UKIP prides itself on the positivity of its general election campaign, and is very much right to do so. Positivity wins. Positive arguments motivate people; they reduce people’s disillusionment with the political process, and give people something to strive for. “Vote for me because I’m good” is a much stronger argument than “Vote for me because the other guy is so terrible”. If this referendum is won by the eurosceptics, it will be because we managed to stay positive throughout the campaign.

There is no need to be disingenuous when staying positive. The key is to focus on the solutions rather than the problems, to focus on the future rather than the present, to give people something to hope for rather than something to hate. What I have done in this article is made a list of 10 parallel arguments for leaving the EU: the first argument of each pair (in italics) is perfectly valid, but focuses on the problem; the second argument in each pair (following the arrow) is the same argument, but focused on the solution. My hope is that this article will help eurosceptics to present their case in a more convincing and motivational manner.

 

  1. We need to get rid of freedom of movement. Uncontrolled immigration is a burden on our public services. —> We need a controlled, fair and ethical immigration policy which doesn’t discriminate against countries such as India, Australia and New Zealand. We need to preserve Britain’s public services, by managing demand and privileging skilled immigrants.

 

  1. The EU is autocratic, bureaucratic and technocratic. The jumped up civil servants in Brussels have no regard for nation state democracy. —> Britain needs to reclaim its proud democratic heritage. We the people must have the power to make our own decisions. We must believe in each other, and in the efficacy of our own democratic institutions. We are good enough to run our own country.

 

  1. The EU Common Fisheries Policy has destroyed the British fishing industry. —> Britain’s fishing industry can flourish outside the EU. We can reclaim our waters, and see the same success as countries like Norway.

 

  1. British business is being crushed by the burden of endless EU regulation that we can’t control. —> British business (especially small businesses) can prosper once we leave the EU. Businesses will be much freer. They will be regulated by democratically elected institutions, and will hence have a say over that regulation. Common sense will be returned to the world of business.

 

  1. The EU common asylum policy will endanger our country. It will allow terrorists and criminals to slip in under the radar. —> Controlling our own borders means controlling our own security. The UK will be safer outside the EU. We will continue to fulfil our obligations vis-à-vis those seeking asylum, but will do so in a managed fashion.

 

  1. The EU is a propagator of corporatism and crony capitalism. The lobbyists in the EU have undue influence, and are bleeding us dry for their own engorgement. —> Let us have a free, fair, popular capitalism. Outside the EU, we can have a capitalism that benefits the worker and the small business owner, rather than just the large corporations. We can have a more transparent and democratic system. We can have a government that works for the benefit of every class.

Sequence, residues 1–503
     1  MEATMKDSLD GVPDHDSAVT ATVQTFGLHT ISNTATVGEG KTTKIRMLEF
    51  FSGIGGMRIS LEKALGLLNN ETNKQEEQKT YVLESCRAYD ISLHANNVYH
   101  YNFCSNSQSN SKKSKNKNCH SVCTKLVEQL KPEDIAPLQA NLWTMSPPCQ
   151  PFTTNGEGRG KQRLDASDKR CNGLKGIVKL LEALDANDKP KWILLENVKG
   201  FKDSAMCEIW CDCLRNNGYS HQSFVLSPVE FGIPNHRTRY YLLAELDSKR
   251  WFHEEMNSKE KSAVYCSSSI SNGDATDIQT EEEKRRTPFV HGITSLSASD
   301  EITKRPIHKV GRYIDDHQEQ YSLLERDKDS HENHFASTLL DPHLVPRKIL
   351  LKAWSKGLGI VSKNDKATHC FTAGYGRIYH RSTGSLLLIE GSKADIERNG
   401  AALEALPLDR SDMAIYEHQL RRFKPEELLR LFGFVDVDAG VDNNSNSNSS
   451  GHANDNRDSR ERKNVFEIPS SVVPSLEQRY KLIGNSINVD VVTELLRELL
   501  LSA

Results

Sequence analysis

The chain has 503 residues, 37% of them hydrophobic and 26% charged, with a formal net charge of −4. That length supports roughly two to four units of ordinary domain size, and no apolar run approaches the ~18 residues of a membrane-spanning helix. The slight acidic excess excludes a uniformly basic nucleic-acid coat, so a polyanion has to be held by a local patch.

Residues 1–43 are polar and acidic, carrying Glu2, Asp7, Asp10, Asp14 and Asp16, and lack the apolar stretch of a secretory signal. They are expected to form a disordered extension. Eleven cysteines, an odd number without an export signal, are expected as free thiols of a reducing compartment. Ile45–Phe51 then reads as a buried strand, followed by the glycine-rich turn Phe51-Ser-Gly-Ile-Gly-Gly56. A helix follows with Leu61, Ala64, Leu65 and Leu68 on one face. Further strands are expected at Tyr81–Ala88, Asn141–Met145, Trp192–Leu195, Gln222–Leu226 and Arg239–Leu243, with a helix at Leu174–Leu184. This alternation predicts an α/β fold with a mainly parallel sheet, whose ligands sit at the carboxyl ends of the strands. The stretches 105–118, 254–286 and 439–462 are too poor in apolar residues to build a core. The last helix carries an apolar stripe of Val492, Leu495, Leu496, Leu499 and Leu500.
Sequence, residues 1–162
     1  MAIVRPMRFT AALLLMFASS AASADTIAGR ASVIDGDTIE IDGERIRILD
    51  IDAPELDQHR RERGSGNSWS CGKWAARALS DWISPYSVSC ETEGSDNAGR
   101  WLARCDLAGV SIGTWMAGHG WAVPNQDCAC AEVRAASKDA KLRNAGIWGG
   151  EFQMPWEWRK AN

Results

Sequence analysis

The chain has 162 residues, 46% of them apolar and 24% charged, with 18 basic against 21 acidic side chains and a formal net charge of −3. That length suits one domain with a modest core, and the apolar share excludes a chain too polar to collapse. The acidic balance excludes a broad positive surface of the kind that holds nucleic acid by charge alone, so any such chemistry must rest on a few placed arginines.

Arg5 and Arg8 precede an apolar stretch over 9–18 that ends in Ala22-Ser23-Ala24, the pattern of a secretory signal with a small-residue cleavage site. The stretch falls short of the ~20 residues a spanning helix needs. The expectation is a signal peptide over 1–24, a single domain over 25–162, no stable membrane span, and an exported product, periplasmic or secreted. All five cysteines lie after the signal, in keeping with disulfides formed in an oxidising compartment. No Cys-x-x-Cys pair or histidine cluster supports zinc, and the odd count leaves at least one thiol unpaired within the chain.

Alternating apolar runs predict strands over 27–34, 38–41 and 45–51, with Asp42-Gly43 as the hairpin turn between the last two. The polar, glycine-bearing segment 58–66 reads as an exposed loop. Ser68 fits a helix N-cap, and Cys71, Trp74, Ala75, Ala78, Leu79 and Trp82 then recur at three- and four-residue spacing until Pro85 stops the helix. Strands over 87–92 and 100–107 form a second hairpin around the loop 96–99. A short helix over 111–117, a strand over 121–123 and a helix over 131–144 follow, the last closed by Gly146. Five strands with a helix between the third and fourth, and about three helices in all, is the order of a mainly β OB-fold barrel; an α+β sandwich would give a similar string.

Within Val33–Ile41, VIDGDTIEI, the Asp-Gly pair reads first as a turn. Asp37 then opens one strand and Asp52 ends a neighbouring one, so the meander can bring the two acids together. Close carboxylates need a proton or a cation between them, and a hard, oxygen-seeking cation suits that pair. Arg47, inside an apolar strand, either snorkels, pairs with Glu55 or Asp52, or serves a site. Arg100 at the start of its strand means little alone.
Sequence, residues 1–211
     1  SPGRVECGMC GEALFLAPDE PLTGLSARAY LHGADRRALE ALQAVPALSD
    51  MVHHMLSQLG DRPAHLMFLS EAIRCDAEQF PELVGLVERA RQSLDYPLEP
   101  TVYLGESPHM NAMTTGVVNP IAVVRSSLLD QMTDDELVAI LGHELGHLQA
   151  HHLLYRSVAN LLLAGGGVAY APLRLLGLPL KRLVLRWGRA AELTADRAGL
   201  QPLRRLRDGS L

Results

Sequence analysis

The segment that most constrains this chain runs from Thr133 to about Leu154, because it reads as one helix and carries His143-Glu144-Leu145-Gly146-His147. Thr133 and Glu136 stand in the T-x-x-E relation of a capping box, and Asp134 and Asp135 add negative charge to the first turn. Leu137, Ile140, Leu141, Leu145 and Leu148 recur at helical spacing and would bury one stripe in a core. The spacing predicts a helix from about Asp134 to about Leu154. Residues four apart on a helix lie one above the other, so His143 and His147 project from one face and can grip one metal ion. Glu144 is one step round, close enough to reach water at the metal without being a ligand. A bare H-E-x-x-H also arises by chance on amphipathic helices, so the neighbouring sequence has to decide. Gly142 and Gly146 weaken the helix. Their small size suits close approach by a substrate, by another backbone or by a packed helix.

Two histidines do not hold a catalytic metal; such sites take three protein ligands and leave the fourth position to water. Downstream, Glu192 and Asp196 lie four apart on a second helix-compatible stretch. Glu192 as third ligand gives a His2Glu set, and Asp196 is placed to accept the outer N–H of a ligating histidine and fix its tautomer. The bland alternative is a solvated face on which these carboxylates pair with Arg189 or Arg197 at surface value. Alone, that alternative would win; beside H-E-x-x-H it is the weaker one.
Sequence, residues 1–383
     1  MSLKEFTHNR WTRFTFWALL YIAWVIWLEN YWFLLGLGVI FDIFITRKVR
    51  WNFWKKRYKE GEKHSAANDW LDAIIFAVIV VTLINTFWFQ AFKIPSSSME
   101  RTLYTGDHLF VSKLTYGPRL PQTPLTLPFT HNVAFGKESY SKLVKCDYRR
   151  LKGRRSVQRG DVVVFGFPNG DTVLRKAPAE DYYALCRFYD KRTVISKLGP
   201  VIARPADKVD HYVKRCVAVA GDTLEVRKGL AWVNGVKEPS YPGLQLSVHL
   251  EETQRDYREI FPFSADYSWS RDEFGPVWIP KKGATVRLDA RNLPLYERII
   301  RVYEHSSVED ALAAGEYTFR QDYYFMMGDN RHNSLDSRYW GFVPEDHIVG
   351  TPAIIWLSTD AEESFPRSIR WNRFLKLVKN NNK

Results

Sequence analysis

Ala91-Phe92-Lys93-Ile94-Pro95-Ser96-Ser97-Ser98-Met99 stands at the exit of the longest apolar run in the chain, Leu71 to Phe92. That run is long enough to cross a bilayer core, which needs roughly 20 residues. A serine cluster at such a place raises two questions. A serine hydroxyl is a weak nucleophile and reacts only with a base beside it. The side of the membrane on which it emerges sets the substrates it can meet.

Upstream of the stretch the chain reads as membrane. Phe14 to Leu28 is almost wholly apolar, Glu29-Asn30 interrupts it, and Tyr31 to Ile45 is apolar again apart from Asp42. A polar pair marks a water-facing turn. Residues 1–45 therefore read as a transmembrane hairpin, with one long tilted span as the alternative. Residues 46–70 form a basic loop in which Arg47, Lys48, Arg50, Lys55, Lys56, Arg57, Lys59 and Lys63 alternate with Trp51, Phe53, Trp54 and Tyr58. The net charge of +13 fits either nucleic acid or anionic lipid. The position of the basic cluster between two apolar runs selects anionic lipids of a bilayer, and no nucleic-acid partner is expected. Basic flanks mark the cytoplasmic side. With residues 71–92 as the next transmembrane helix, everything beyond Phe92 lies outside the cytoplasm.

1. The bailout system is a disgrace. Countries with sensible economic and monetary policy, such as Britain and Germany, are asked to cough up for the reckless, spendthrift governments of Greece and Spain. The spendthrifts never learn, and their people suffer under EU imposed austerity. —> Let’s bring responsibility back to Europe. Let’s make Britain an independent country, that uses free, mutually beneficial trade to maintain bridges with its neighbours. Let’s encourage other countries to achieve financial independence. Let’s make sure that those in power are always accountable when they make mistakes.

 

  1. The Eurocrats have no regard for national pride, identity, heritage or patriotism. They see these things as poisonous. They want to turn us into a mere component of The United States of Europe. —> Traditional British values, values like free speech, free trade, responsibility and private property, need to be upheld and reinforced. We should encourage a civic patriotism based on shared values, so that everyone can feel part of a free, functioning democracy. We should aim to unite our communities. As Mark Reckless said: our country is more than a star on somebody else’s flag.

 

  1. The EU is a black hole when it comes to finance. They once went 13 years without signing off a budget, and have continued misspending since then. Our hard earned wealth is flowing into the pockets of bureaucrats, lobbyists and God knows who else. —> We need sensibly managed finances and a careful, targeted reduction of our spending and debt. We’ll be much more able to control our finances when we’re free of the EU. Let’s return money to the pockets of British people, to the pockets of consumers, workers and entrepreneurs. We need to focus on getting our own economy back on track.

 

  1. We’re shackled to the world’s only shrinking trade bloc, forced to pay for the privilege of selling to countries who would buy from us anyway. We can’t sign our own trade agreements. Meanwhile, TTIP threatens our NHS. —> Let’s be a global trading nation, that looks beyond the boundaries of Europe. Once we’ve left the EU, we can do what Iceland has done and sign our own trade agreements with countries like China. When we sign our own treaties, we can set the terms for ourselves, making sure that valuable institutions are protected.
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